Prior to the Act, the preparer penalty was only $250, and would not apply at all if the practitioner met a certain standard in preparation of the return. Because of the small penalty amount, most practitioners were unconcerned about the risk of the penalty’s application. The Act increased the penalty to 50 percent of the income derived or to be derived by the preparer from preparation of the return or claim. The minimum penalty is now $1,000 ($5,000 in the case of reckless or willful conduct). The 50 percent calculation applies only to the part of the preparation allocable to the position that gave rise to the understatement of liability.
Who is a Preparer?
The proposed regulations provide rules for two types of preparers who could be subject to the preparer penalty: signing and nonsigning preparers. A signing preparer is the preparer who signs or is required to sign the return. A nonsigning preparer is any preparer who prepares all or a substantial portion of a claim or return with respect to events that have already occurred at the time the advice is rendered. An advisor can be a nonsigning preparer by providing written or oral advice to a taxpayer or another preparer if the advice is a substantial portion of a return. A single entry on the return can constitute a substantial portion of a return, but for nonsigning preparers only, there is a safe harbor. The item is not a substantial portion of the return if the relevant income or deduction item is (1) less than $10,000 or (2) less than $400,000 and less than 20 percent of gross income shown on the return. The advice must be directly relevant to the determination of the existence, characterization, or amount of an entry on a return or claim for refund. There also must be some explicit or implicit agreement for compensation for a preparer to be subject to the penalty.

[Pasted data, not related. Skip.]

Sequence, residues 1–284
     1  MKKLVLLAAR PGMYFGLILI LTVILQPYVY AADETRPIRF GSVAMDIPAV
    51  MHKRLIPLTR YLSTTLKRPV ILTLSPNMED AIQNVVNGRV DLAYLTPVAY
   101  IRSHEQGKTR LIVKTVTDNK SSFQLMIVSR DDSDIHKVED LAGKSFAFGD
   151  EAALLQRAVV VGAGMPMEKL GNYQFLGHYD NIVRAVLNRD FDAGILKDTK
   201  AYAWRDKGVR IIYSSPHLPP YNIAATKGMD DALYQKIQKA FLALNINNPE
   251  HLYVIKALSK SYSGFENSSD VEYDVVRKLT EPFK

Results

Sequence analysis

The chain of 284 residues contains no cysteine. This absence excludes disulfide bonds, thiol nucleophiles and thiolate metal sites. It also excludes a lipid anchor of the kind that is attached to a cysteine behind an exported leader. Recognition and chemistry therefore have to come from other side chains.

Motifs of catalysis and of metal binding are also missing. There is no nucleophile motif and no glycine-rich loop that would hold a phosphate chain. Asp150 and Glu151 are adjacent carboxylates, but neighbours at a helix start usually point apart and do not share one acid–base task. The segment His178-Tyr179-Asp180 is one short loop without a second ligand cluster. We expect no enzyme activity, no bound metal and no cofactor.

Advisors can remember the important elements for determining if one is a nonsigning preparer with the mnemonic “CARS”:
- After the events have occurred
- Relevant directly to the position on the return
- Substantial portion of the return
For instance, an attorney who provides advice to a corporate client concerning the tax consequences of a completed corporate transaction may be a nonsigning preparer if her advice is directly relevant to an item on the return, even if she was not otherwise involved in the preparation or signing of the return. Importantly, these rules apply only to advice provided after the relevant events have occurred. If, in the example above, the attorney had advised the client only before the corporate transaction occurred and gave the client no additional advice after the transaction, the attorney will not be treated as a nonsigning preparer.
Exceptions to the preparer penalty apply for certain classes of preparers. As noted above, returns prepared pro bono will not expose an advisor to a preparer penalty. Inhouse tax counsel are generally exempt from the preparer penalty, as are individual officers, general partners, members, shareholders and employees who prepare a return on behalf of an entity if the individual is regularly and continuously employed or compensated.